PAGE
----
The King's Port Daylily will be the focus of one talk during the regional meeting hosted by the Tri-Cities Daylily Society in June.
With tens of thousands of varieties to choose from, the daylily is one of the most popular perennials among gardeners.
Susan Okrasinski first discovered the daylily about 10 years ago when she stumbled across a local gardener selling some plants.
“I wasn’t much of a gardener before that, but I bought some of her daylilies and when I went to pick them up — she had to dig them up for me — I saw that she had more blooming and I just kept buying and buying, and I’ve been hooked ever since,” said Okrasinski, who lives in Fall Branch.
A daylily’s bloom only lasts one day. The word “daylily” actually comes from the Greek word meaning “beauty for a day.”
“Although the plant, during its bloom season produces many, many blooms and has lots of branches, each bloom only lasts a day,” said Okrasinski, who serves as regional publicity director for the Tri-Cities Daylily Society.
Later this month, the Tri-Cities Daylily Society will play host to the American Hemerocallis Society (AHS) Region 10 summer meeting and garden tour. Region 10 is comprised of Tennessee and Kentucky.
“Gather at the Meadow” is set for June 21 and 22, with home base for the meeting being at Kingsport’s MeadowView Conference Resort and Convention Center.
The event will include garden tours, lunch at the Natural History Museum at the Gray Fossil Site, a banquet, awards, plant auction and speakers Mike and Sandy Holmes from Riverbend Garden in Ohio.
“This is only the third time we have hosted this meeting. It only happens maybe once every 10 years or less. It’s a tremendous deal for us to get to host the meeting,” said Okrasinski.
The tour will begin in Bloomingdale with Dennis Marshall’s daylily garden. In addition to daylilies, Marshall also has a vineyard and an extensive calla lily collection.
“The exciting thing about all of the gardens on this tour is they are all so different and all offer other unique aspects to them besides just daylilies,” Okrasinski said.
The next stop on the tour will be Pearline Malone’s garden.
“Pearline lives out in Afton, Tenn., not that far from Jonesborough. What’s unique about her garden is she also raises cattle,” Okrasinski said.
Malone and her friend, Ingrid Lane, may be familiar faces to folks in Kingsport. During the summer months, the duo can be found at the Kingsport Farmers’ Market on Wednesdays and Saturdays selling their daylilies.
The third garden on the tour is Janice and David Banner’s two-acre daylily garden, located near the Gray Fossil Site.
Following a barbecue lunch at the site, Okrasinski said the group will travel to its fourth and final garden of the day in Alexander, N.C., to Bob Selman and Dale Hensley’s Blue Ridge Daylilies.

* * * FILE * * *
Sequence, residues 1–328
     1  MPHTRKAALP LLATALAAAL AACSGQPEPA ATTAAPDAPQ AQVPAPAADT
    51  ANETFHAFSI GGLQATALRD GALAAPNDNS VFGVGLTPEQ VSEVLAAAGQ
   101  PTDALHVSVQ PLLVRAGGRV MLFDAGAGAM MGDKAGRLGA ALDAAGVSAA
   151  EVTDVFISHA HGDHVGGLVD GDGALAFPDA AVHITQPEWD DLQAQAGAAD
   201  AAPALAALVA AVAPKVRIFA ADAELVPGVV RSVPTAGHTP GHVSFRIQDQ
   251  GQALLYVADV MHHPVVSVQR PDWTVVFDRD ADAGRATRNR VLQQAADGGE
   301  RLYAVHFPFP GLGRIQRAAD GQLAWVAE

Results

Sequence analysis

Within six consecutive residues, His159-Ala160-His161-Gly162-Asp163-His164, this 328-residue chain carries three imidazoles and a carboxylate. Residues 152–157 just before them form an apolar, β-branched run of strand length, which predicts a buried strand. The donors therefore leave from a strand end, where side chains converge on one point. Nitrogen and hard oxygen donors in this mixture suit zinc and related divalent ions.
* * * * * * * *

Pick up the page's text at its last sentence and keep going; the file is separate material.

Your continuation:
“This garden is just outside of Asheville, N.C., and is unbelievable. There are about 25,000 to 30,000 different varieties grown here,” Okrasinski said.
Daylilies come in every color except for true white and true blue, which she says hybridizers like Selman and Hensley are very close to creating.
Okrasinski says because daylilies are one of the easiest plants to hybridize, the plant is constantly changing.
“I’ve been a hobbyist for about 10 years now, and I can’t believe how much they have changed in that short amount of time,” she said. “People who hybridize say that’s where the fun is. They say it’s like Christmas every morning during bloom season to get up and see what’s opened in their seedling bed that nobody’s ever seen before.”
To hybridize a daylily, Okrasinski says you take the pollen off a stamen and touch it to the pistil from the plant with which you want to hybridize it.
“We are situated in a fantastic place to grow daylilies. Daylilies are generally classified as evergreen, which means they stay green all winter; semi-green, which means, depending on where they’re planted they might or might not grow all winter; and dormants, which disappear in the winter. We can grow all of these different varieties here; whereas, in the deep South, they can’t grow the dormants and in the north they have a lot of trouble with the evergreens. We also don’t have as much trouble with diseases that they do farther south of here,” she said.
The Tri-Cities Daylily Society was founded in 1990 by Bob Hale, a retired chemist with Eastman Chemical Company and has about 60 members.
Kingsport even has its own daylily. The King’s Port was hybridized a couple of years ago by Mike and Sandy Holmes, the speakers at this year’s meeting. Long-time Tri-City Daylily Society member, Doug Carson, suggested they name their new variety after Kingsport. The Holmes agreed, making a slight change to the spelling of Kingsport.
And another new variety the Holmeses recently hybridized is named after something near and dear to Kingsport’s heart — Bays Mountain.
The Holmeses will bring about 60 Bays Mountain Sunshine “fans” with them from their gardens in Ohio to share with those at the meeting. A daylily “fan” is an individual unit of a clump, containing leaves, crown and roots. Within a clump, each fan is genetically identical to the parent. Okrasinski says Bays Mountain Sunshine would normally sell for about $200 a fan.
“They probably won’t have enough Bays Mountain Sunshine to share with everyone, but they will fill this in with other daylilies from their collection,” Okrasinski said.
For more information about the Tri-City Daylily Society or for complete registration information about the summer meeting, including contact information and fees, visit http://www.tricitiesdaylilysociety.com/.